Between June 14, 1962, and January 5, 1964, eleven Boston-area women—ages 19 to 85—were victims of a serial killer or killers. The cases were linked by similar elements of modus operandi: each victim was attacked in her apartment (except for one murdered in a hotel room); each had been sexually attacked; each was strangled with an article of clothing (although one had also been repeatedly stabbed); and each, with a single exception, was Caucasian.
After ten months a man suspected of being a serial rapist called the “Green Man” (after the color of his work clothes) was arrested and interrogated. He subsequently confessed, and later, while in a hospital for psychiatric observation, he also confessed to the Boston stranglings, even adding two to the total. His name was Albert DeSalvo. He was sentenced to life in prison for the crimes of the Green Man, although he was never formally charged as the Boston Strangler. (In 1968 he was played by Tony Curtis in the Hollywood movie, The Boston Strangler, and in 1973 a fellow inmate stabbed DeSalvo to death in Walpole Prison.)
Not everyone readily accepted DeSalvo’s confession. Some detectives preferred a different suspect—a man fingered by “psychic” Peter Hurkos, “the man with the radar brain.” Unfortunately, Hurkos—a man who told discredited stories of having been a Dutch Underground “hero” in World War II and who was later arrested for impersonating an FBI agent—had been either mistaken or useless in numerous other cases. (See my Wonder-Workers!  and Psychic Sleuths  which held DeSalvo to be the actual Boston Strangler.)
Writer Susan Kelly, in her The Boston Stranglers, (1995, 2002) postulated multiple killers. Pointing to discrepancies between DeSalvo’s confession and facts in the cases, she observed there was no physical evidence to link him to even a single murder. Then again, according to The Encyclopedia of Serial Killers (2000), a journalist reported DeSalvo had been paid “to take a fall” for the “real” Boston Strangler—or so a since-deceased Mafia hit man claimed.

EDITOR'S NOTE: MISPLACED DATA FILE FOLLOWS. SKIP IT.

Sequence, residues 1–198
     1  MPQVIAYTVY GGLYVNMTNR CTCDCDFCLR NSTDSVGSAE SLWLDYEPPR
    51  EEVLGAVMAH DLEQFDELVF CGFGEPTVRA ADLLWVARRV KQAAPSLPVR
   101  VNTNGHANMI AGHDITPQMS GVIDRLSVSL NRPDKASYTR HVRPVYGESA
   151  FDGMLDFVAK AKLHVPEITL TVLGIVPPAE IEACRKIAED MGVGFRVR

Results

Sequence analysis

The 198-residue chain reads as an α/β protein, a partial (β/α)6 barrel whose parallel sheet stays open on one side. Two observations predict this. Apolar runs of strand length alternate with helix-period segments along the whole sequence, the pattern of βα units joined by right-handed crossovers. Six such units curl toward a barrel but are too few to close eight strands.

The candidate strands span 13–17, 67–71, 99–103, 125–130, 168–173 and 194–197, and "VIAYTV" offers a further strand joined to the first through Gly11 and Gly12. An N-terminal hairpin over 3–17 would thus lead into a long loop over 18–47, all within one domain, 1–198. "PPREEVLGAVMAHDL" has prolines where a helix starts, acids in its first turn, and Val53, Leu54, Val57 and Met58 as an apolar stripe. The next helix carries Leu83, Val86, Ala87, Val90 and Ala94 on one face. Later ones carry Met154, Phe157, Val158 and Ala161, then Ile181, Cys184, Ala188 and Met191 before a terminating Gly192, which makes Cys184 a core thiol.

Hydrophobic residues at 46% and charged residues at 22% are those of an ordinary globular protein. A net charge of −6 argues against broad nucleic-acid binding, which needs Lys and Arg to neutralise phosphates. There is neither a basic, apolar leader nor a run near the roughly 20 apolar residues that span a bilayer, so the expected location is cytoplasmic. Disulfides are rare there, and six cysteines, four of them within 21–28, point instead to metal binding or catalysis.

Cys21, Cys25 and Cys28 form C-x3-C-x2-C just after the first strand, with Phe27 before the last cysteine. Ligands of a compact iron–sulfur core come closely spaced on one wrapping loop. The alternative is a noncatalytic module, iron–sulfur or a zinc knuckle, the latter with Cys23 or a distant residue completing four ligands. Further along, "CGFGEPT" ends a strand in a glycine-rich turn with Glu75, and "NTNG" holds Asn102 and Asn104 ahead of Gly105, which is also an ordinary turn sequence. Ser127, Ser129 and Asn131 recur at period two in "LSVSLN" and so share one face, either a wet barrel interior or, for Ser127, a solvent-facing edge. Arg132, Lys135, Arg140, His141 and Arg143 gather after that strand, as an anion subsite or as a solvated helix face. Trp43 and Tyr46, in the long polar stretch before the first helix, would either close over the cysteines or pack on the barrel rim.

Matters were complicated in the early 2000s when my friend James E. Starrs, the distinguished forensic investigator, headed a team that discovered DNA from two individuals on the exhumed body of the eleventh victim, 19-year-old Mary Sullivan. It belonged neither to her nor to Albert DeSalvo. This further fed speculation that the Strangler might have actually been Stranglers. (See James E. Starrs with Katherine Ramsland, A Voice for the Dead: A Forensic Investigator’s Pursuit of the Truth in the Grave, 2005.).
Now, however, new DNA tests for the first time link DeSalvo to the scene of the rape and murder of Sullivan. Boston police shadowed DeSalvo’s nephew and collected a water bottle he discarded. DNA traces on the bottle provided a “familial match” to DNA from the crime scene, excluding 99.9 percent of suspects. Officials then exhumed DeSalvo’s remains, and made an exact match with his DNA. Massachusetts Attorney General Martha Coakley was quoted by Reuters as stating: “This leaves no doubt that Albert DeSalvo was responsible for the brutal murder of Mary Sullivan, and most likely that he was responsible for the horrific murders of the other women he confessed to killing.”